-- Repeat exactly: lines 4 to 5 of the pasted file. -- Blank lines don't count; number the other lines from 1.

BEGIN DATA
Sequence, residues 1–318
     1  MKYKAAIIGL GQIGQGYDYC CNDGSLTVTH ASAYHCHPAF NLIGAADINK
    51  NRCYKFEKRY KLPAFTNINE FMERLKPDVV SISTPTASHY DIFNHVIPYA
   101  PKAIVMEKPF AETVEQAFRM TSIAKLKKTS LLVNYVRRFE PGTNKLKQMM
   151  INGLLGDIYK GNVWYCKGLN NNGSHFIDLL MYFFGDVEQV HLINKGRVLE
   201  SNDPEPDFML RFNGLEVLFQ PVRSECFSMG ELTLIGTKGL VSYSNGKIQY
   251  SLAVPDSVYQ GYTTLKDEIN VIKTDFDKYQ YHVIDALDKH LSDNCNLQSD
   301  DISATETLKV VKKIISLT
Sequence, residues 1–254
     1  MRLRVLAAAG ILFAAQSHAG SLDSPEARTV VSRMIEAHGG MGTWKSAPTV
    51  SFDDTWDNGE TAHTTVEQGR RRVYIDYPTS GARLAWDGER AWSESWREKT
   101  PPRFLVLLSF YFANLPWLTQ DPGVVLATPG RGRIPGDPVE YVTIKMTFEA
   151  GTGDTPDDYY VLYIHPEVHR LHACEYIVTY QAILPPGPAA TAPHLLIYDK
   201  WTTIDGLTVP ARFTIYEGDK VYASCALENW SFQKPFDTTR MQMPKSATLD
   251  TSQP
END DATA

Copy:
   101  PKAIVMEKPF AETVEQAFRM TSIAKLKKTS LLVNYVRRFE PGTNKLKQMM
   151  INGLLGDIYK GNVWYCKGLN NNGSHFIDLL MYFFGDVEQV HLINKGRVLE